Permits for such demonstrations have not been sought in L.A. But if they were, Feuer said, he would recommend that officials look to precautions taken by other cities, such as Boston, which banned backpacks and bats at a rally planned for Saturday.
If it seemed unlikely that such violence could be prevented, Feuer said, he would "look very carefully" at turning down the request for a permit.
"Obviously, we are a nation where we value as one of the most high ideals freedom of expression. Fair enough," he said. "But even the ACLU leadership … is saying today that has its limits. When people are coming to incite violence ... that's where we draw the line."
"I think as a city we can draw that line," Feuer added.
Feuer was referring the the American Civil Liberties Union, which, in response to the Charlottesville violence, said Thursday that it would not represent white supremacist groups that want to demonstrate with guns. The ACLU's three California affiliates released a statement Wednesday declaring that "white supremacist violence is not free speech."
Officials in Charlottesville had initially denied organizers of the "Unite the Right" rally a permit to hold the event at the site of a Robert E. Lee statue. But the ACLU filed a lawsuit defending protesters' rights to gather there.
The rally ended with one woman killed and dozens of people injured as neo-Nazis and other far-right groups that had come armed with shields, helmets and even guns clashed violently with counter-protesters.
The violence in Virginia prompted concern among officials in other cities — including Boston and Berkeley — where far-right demonstrations have been planned.
"There is a difference between protest that incites violence and protest that does not," said Ahilan Arulanantham, director of advocacy/legal director at the ACLU of Southern California. "Protecting the right to protest is a core ACLU issue and we have litigated many, many cases on that subject. … But we were nonetheless very surprised by what happened in Charlottesville."
Arulanantham said there would be a crucial factor to consider if L.A. officials consider denying permits for such rallies: whether the group seeking such a permit was encouraging violence at the event. Denying a permit because opponents or others might become violent would not be enough, he said.
"It's not just whether violence would happen, but whether the people seeking the permit are going to invite it or encourage it," he said.
Arulanantham said officials should also closely examine the credibility of a permit-seeking group that might claim to be nonviolent. Social media posts, the group's past behavior and what organizers tell people to bring to such rallies might indicate otherwise, he said.
The city attorney and ACLU weren't the only ones speaking out against violent demonstrations this week. On Friday, the union representing rank-and-file Los Angeles police officers issued a statement decrying neo-Nazis, white supremacists, anti-Semites and the Ku Klux Klan. It implored those intending to hold violent rallies to "cancel their event and stay home."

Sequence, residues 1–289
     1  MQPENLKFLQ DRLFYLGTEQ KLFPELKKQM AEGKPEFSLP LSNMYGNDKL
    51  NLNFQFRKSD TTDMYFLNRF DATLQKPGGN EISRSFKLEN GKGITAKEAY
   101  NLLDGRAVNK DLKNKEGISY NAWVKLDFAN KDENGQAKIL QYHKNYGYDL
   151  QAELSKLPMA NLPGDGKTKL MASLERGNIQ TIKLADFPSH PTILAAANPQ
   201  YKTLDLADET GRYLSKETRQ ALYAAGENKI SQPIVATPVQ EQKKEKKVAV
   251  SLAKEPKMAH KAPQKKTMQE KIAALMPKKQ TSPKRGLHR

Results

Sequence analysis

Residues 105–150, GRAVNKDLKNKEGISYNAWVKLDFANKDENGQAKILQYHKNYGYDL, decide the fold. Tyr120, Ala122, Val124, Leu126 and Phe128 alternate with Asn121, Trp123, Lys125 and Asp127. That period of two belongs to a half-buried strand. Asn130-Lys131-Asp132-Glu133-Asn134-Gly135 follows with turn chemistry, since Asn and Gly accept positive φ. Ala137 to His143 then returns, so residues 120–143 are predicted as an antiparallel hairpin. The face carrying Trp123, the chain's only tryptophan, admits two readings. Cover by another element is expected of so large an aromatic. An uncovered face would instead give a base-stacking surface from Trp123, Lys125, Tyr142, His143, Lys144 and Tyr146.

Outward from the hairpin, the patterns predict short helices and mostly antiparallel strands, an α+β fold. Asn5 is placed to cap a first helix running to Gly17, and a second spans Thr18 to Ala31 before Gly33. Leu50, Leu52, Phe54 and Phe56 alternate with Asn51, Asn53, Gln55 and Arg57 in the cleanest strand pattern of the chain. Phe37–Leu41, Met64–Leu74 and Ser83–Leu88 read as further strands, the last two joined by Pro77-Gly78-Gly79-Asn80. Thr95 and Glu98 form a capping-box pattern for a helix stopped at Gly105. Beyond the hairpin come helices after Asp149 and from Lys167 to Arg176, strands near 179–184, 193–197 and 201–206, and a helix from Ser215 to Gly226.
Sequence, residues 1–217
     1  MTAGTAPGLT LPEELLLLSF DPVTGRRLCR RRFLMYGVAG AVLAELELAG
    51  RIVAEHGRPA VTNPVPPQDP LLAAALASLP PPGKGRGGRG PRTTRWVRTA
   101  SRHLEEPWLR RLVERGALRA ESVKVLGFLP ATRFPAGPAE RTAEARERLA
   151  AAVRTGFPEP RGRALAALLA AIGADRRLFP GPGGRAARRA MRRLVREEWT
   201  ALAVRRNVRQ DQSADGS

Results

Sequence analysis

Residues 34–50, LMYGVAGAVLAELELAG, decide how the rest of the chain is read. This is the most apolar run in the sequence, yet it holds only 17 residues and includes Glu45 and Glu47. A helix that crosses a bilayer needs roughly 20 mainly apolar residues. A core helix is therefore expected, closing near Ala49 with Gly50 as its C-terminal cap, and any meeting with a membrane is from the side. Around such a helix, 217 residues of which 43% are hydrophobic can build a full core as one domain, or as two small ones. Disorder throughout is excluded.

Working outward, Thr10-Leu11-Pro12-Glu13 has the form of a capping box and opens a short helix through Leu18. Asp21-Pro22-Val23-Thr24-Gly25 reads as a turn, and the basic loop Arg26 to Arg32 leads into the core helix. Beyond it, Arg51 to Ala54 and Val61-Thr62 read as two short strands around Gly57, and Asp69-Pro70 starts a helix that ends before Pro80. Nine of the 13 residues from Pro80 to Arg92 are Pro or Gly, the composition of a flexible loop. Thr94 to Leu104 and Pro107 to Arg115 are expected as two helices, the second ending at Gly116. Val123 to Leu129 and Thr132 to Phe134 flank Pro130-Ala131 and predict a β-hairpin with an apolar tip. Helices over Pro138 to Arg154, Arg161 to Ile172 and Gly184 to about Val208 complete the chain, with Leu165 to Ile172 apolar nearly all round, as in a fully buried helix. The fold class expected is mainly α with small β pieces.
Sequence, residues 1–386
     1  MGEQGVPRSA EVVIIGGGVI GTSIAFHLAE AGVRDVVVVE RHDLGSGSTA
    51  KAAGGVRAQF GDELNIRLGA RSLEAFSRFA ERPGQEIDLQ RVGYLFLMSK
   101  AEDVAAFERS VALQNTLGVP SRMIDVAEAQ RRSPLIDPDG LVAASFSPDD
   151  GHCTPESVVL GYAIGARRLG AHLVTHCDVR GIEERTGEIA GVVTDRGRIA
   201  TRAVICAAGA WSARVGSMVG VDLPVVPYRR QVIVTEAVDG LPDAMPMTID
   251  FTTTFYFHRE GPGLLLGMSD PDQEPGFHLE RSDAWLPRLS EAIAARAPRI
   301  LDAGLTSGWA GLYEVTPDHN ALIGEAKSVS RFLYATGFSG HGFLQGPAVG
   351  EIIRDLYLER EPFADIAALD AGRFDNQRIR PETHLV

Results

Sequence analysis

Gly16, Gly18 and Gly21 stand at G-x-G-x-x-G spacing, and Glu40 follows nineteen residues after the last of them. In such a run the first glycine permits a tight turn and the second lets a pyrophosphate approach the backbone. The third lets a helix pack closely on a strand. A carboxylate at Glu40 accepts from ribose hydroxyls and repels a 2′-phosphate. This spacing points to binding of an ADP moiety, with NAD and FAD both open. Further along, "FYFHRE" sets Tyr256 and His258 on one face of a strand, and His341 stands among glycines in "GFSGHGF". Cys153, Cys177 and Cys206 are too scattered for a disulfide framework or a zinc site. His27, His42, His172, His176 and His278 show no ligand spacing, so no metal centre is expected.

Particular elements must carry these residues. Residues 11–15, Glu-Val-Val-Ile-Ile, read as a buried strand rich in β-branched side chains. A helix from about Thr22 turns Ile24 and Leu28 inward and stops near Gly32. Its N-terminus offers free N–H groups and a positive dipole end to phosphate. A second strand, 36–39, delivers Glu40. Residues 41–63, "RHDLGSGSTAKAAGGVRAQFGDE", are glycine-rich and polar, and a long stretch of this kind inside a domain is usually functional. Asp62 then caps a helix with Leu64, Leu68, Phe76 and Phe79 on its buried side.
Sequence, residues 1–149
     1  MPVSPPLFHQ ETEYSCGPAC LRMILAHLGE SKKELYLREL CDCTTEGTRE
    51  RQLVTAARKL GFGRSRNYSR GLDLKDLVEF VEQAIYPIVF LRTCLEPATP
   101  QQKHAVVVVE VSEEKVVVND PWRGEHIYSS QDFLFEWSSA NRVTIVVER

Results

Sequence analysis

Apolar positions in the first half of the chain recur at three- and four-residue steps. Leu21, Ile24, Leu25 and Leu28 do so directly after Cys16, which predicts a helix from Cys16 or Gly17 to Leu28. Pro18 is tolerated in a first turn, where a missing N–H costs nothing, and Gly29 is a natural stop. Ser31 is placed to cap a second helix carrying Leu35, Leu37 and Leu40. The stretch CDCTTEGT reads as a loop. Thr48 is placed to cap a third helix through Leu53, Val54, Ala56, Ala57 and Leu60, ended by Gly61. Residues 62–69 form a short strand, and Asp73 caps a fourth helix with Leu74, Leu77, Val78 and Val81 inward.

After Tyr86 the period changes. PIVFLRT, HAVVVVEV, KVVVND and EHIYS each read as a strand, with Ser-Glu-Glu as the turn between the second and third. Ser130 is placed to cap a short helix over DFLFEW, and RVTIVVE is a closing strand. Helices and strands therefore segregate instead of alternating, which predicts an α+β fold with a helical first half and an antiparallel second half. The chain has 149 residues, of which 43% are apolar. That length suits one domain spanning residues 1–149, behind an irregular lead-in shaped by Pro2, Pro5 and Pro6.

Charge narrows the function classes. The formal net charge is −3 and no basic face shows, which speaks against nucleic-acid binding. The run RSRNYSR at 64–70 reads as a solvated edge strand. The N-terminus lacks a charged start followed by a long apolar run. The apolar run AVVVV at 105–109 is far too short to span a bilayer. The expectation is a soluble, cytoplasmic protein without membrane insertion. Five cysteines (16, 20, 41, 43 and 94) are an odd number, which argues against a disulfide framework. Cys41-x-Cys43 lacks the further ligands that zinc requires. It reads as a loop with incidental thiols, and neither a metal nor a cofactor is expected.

"We urge them to look into their souls and try to figure out where their hate is coming from and seek professional help," the statement said. "No one is born hating other people."
Feuer's remarks came during an hourlong lunch with reporters, where he spoke candidly about the hateful speech and actions that have captured the country's attention after the deadly Virginia rally. It was a far-reaching conversation, covering specific actions his office has taken and broader themes of solidarity and education.
He covered the uptick in the number of hate crimes and incidents reported to his office — 32 so far this year, compared with 11 at about the same point in 2016 — and actions city prosecutors have taken against alleged white supremacist gangs. He urged public officials to speak up and encouraged educators to talk to their students about the issues they see playing out in the news.
The conversation, he said, had to go beyond what happened at a single rally.
"There is no place for complacency in our nation at this moment," he said. "Sitting on the sidelines can't exist right now."
The conversation became personal at times, as Feuer spoke about the anti-Semitism he felt growing up in San Bernardino and the discrimination his Jewish grandmother endured in Russia.
Feuer also spoke of his late father. Mel Feuer was a turret gunner during World War II, captured by the Nazis and held in the infamous Stalag 17 prison camp after his plane was shot down.
Mel Feuer survived his imprisonment, despite being marched across a snowy Austria as the Nazis retreated. When he returned to the U.S., his son recalled years later, education became his calling, a way to teach children the principles that could deter such horror from happening again.
Feuer said he believes teachers should speak to their students about the current climate in the United States. The city attorney grew emotional as he spoke about his father, stopping to sip water as he tried to compose himself.
"What would my dad do?" he said. "He would say the key right now is to focus on kids. This is the quintessential teachable moment."
Times staff writer Matt Pearce contributed to this article.